Thanksgiving and Hanukkah Overlap

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Thanksgiving is my favorite holiday. Pretty simple, friends and family get together to hang and eat. It sort of hard to commercialize something as simple as this. I heard that yesterday was the biggest travel day of the whole year. That is a good thing. It seems like some our best holidays, Halloween for example, has lost its appeal, thus participation, due to societal worries. Today happens to also be Hanukkah. I don’t know much about Hanukkah, but I do know that it is usually in December. This weird alignment of Thanksgiving and Hanukkah won’t overlap again for 79,043 years. That’s a while from now. Another tidbit of information, Thanksgiving has been a holiday since 1863. Pres. Abraham Lincoln declared it a holiday hundred and 50 years ago.

I say it’s hard to commercialize today, but “they” really do get their way tommorrow, Black Friday. I’ve never participated in Black Friday. I don’t make many rash decisions on purchases by prices. But, Black Friday is probably a bigger “holiday” than Halloween now. I hate that the Black Friday devils are now encroaching Thanksgiving Day. But, that is just life.

I’ve spent Thanksgiving away from home maybe more than the time I’ve been home. One season I spent the whole fall and winter racing cyclocross in Switzerland. I was living in Aigle, a small town in the French section, now famous as the place the headquarters of the UCI is located. Trudi flew over a week before Thanksgiving. We decided that we were going to cook a traditional Thanksgiving meal. But trying to locate pumpkin in Switzerland was impossible. We travelled to Geneva, which was an hour drive from Aigle, to try to find some pumpkin. We went to health food stores, farmer’s markets, out of the way grocery stores, but no luck. We went without pumpkin pie that year, which seems like the mainstay of the meal, plus it’s my favorite part.

Another year I didn’t have a proper Thanksgiving meal was a winter I spent up in Grand Forks, North Dakota, doing a study with the Human Nutrition Lab. I was confined to the lab 24/7, unless I left with an escort or was out training on my bike. On Thanksgiving day that year, after lunch, which was beyond horrible, no turkey, no mashed potatoes, no pumpkin pie, only saturated fat, I went out for a ride around town. It was super cold, as it always was in North Dakota then, but I didn’t mind. I was pleasantly surprised how many people were out walking. If they weren’t walking they were playing touch football with their families, or frisbee. It was so nice observing for afar. I think that is when I really started to appreciated the simpleness of the holiday.

I got an email yesterday, from my friend, Brian Worthy, czar of Vermarc clothing and just all around nice guy. He reminded me of a Thanksgiving that he spent in Chicago at Trudi’s grandmother’s apartment. Kris, Trudi and Brian were driving the team van out to Plymouth Massachusetts, for Cyclocross Nationals. Seems pretty early now, but back then, the date was so late in the season compared when the last road race occurred. I was all ready on the East coast, I ate with Paul Biskup’s family. Anyway, Brian got the luxury to get to eat some of Trudi’s grandma’s knodel, which is a German potato dumpling. You cover it with Sauerbraten gravy, with is a German pot-roast. It is to die for. Trudi’s grandparents were both from Germany. I like the mixing of ethic foods with traditional holiday meals. Brian is lucky to have that memory. Obviously, it will be with him forever.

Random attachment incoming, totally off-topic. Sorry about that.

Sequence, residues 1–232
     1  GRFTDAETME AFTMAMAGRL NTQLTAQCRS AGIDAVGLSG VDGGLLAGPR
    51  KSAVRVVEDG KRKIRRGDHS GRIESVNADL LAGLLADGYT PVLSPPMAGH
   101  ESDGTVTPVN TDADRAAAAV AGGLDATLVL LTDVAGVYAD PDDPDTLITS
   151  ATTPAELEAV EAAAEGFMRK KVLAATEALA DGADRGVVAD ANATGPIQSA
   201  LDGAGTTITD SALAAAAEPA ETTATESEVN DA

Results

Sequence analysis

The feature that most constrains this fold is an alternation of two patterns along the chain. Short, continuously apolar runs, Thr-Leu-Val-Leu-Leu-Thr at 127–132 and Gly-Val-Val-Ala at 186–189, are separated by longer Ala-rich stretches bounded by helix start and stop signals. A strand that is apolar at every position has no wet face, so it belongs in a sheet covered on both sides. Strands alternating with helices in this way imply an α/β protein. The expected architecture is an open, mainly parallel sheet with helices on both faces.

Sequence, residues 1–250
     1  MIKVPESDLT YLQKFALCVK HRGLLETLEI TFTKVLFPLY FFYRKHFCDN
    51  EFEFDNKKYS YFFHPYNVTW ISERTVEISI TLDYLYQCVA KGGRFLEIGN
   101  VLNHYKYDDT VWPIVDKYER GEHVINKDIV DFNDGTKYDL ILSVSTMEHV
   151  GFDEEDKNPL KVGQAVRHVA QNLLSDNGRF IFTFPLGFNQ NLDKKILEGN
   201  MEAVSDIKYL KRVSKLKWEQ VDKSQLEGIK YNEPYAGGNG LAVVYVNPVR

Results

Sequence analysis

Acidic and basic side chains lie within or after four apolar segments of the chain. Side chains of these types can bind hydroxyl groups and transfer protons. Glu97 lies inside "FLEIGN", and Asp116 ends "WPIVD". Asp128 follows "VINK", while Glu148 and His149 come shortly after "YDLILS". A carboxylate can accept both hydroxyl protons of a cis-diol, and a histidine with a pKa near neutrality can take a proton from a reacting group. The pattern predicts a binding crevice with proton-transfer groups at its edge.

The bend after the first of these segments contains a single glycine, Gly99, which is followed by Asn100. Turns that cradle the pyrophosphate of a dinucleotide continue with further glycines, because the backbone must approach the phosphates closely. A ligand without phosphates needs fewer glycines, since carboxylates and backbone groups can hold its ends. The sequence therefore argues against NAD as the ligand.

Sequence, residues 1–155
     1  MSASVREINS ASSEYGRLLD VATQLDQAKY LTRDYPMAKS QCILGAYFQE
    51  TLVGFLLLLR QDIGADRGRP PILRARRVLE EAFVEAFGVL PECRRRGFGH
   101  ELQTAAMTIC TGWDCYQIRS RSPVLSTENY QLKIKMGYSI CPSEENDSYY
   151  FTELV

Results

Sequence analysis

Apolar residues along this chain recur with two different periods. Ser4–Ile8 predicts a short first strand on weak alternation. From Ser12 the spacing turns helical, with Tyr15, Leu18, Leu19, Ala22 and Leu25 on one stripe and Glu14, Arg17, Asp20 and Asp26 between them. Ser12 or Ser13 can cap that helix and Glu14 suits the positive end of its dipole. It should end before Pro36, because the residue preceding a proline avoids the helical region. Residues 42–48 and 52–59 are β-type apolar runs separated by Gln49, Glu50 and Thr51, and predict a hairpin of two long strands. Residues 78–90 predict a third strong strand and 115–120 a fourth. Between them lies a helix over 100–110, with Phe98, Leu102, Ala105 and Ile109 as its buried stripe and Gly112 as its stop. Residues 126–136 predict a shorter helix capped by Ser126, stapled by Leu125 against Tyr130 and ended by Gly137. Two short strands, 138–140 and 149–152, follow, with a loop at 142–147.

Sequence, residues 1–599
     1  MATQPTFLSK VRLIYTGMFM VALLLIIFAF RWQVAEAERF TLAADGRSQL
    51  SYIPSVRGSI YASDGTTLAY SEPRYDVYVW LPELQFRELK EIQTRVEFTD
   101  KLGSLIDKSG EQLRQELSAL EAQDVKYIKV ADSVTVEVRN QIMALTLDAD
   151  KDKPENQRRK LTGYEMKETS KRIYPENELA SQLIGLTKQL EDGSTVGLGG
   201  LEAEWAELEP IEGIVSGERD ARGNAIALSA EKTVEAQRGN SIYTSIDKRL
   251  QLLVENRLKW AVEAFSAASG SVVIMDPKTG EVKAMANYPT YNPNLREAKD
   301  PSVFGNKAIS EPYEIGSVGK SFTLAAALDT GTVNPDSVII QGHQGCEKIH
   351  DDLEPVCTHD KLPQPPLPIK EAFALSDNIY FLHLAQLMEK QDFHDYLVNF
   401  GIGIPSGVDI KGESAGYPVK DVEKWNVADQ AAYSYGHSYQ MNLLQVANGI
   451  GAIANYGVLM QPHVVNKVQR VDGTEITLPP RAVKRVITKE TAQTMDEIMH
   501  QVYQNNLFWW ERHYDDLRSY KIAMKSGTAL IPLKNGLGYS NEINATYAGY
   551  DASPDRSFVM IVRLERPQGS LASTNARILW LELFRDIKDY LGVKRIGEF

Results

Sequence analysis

I won the Nationals that year. I thought it was so appropriate that we we in Plymouth near Thanksgiving. We saw were the original piligrams landed, Plymouth rock. It was sort of disappointing, much smaller than you’d think. We did a tour of a cranberry museum there. I learned nearly everything I know about cranberries on that tour. It was a great trip.

I’m in Topeka this year. A few friends are coming over. We’re not eating until late because Catherine is flying in from Seattle at two o’clock, so won’t be back to Topeka until after four. That is fine. I hope to ride Bill up North towards Hoyt, where he seems to go every other year. It is pretty cold out, but that’s alright. Okay, I hope you all have an enjoyable day, relaxed, no worries. It doesn’t have to be memorable for it to be meaningful.

If you want a little fun Thanksgiving merriment, go to Google and click on the Doodle.

I baked these two pies last night.  It smelled so good waking up this morning.

I baked these two pies last night. It smelled so good waking up this morning.

These are knodel from last year's Christmas.

These are knodel from last year’s Christmas.

Brian Worthy

Brian Worthy

Plymouth rock.  I think it has been whittled down through the years.  It is only a few feet across.

Plymouth rock. I think it has been whittled down through the years. It is only a few feet across.

5 thoughts on “Thanksgiving and Hanukkah Overlap

  1. Joe Saling

    When you ate at Pauls was it in Bridgewater, NJ? They lived about three miles from us. The correct pronunciation of Saling is Sahling as it is a German name. I’m sure when my grandfather landed at Ellis Island someone looked at his name tag and said “Sailing, over here” and he then assumed that pronunciation. So we are familiar with saurebraten and my Mom called the potato dumplings cartufle glacen (sp?). Wishing you and Trudy a Happy Thanksgiving and I am sure you found the pumpkin, or punkin, as some of the locals around here call it.

  2. Bernd Faust

    Nice write up Steve! another german “Spezialitaet”: Spaetzle, Sauerbraten und Rotkraut, mit Paulaner oder Franziskaner Hefeweisse. Na dann mal Prost. People should have thanksgiving (be thankful) every day……
    Mit freundlichen Gruessen
    Biertip: Schneider&Sohn, Aventinus Wheat Doppelbock, “lecker”


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